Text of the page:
MERIDIAN -- As criminals use more and more technology in breaking the law, police say they have to use more and more technology to keep up. One of the ways they're doing that here in Idaho is with the Idaho Criminal Intelligence Center.

Major Kevin Hudgens with the Idaho State Police has served in law enforcement for around two decades. In that time, he's seen a lot change in how police work is done. In the past, it was really up to the investigator to search all the different databases out there, which took time. And a lot of times, the investigator wouldn't get the information that they necessarily needed because those databases were limited.

But that's one of the things that's changed, thanks to ICIC. It has access to criminal databases and information from law enforcement agencies across the state and across the nation to help those agencies share vital information.

It's that one-stop shop where police agencies can call and we have the ability to get that information out to them very quickly, says Hudgens.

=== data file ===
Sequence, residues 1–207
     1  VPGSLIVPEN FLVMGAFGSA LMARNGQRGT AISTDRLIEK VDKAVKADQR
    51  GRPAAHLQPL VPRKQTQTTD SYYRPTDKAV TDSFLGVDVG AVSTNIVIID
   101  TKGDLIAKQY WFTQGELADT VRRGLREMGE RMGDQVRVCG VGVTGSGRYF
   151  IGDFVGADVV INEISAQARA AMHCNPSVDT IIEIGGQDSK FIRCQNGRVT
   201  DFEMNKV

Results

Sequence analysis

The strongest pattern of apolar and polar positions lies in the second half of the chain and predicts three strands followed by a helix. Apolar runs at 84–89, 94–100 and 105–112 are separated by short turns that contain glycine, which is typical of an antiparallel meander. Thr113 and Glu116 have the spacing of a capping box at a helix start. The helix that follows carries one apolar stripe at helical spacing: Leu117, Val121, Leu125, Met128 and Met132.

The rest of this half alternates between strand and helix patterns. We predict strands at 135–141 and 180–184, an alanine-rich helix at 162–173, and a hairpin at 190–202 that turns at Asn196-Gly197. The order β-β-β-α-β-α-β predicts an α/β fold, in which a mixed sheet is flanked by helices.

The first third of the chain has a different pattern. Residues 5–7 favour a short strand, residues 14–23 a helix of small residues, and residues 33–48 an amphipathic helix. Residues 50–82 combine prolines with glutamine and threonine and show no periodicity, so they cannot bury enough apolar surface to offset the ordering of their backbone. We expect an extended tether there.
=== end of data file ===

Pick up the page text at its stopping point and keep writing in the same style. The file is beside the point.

ICIC fields more and more requests from law enforcement in and outside of Idaho every year.

Criminals aren't static, says Hudgens. They're moving around. They may live in Idaho but go and commit a crime in Utah.

Since they started in 2009, ICIC has assisted in thousands of cases, from drug activity to terrorism. Hudgens recounted one such case, An agency called us looking for a suspected child molester, that had just moved to Idaho. Our analysts were able to get that information, and in a matter of hours find where that person was. And that agency was able to go out and make an arrest on that person.

ICIC is one of 77 similar centers across the U.S. Hudgens says with the cuts seen at all law enforcement agencies, they can help fill the gap and be a great shared resource. With our analysts in this center, to be able to communicate with those other analysts in other areas, and start to put those pieces together, that's vitally important.

The center is funded entirely by federal grants, which are starting to dry up. But managers hope Idaho leaders realize how important ICIC's work is and the state picks up some of that funding.

The ICIC also has a public webpage where they get 20 to 30 tips on crime or terrorism every week.

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